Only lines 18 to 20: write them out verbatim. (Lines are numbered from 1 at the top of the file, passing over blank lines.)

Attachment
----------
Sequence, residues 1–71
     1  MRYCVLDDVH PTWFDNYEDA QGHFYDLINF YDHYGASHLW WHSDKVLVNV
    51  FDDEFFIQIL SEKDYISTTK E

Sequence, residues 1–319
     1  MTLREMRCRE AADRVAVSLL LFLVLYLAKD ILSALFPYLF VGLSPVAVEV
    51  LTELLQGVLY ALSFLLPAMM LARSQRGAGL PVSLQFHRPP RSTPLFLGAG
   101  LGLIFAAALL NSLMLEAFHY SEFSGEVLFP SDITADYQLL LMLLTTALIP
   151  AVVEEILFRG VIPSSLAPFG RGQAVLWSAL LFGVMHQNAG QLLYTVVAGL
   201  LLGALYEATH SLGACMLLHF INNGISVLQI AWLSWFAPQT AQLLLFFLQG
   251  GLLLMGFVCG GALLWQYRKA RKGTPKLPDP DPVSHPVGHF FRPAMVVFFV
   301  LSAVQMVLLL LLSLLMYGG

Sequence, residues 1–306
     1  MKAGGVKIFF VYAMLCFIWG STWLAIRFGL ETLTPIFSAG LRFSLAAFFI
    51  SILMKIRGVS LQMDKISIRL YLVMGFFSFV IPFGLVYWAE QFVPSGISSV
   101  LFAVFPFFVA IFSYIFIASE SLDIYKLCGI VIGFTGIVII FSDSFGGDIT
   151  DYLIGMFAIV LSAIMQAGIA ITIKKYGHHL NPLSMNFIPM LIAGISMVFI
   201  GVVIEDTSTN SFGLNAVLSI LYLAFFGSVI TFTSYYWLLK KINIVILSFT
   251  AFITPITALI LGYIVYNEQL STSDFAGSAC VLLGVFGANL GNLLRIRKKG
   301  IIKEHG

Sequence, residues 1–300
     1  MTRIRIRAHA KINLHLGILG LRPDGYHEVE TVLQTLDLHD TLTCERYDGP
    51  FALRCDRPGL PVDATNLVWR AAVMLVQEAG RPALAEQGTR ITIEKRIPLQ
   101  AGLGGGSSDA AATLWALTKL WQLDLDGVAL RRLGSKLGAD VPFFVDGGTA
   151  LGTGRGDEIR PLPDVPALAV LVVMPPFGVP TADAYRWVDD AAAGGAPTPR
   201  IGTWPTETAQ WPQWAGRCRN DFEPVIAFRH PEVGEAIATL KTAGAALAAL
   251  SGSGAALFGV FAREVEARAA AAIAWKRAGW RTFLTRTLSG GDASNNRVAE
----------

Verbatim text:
   251  AFITPITALI LGYIVYNEQL STSDFAGSAC VLLGVFGANL GNLLRIRKKG
   301  IIKEHG

Sequence, residues 1–300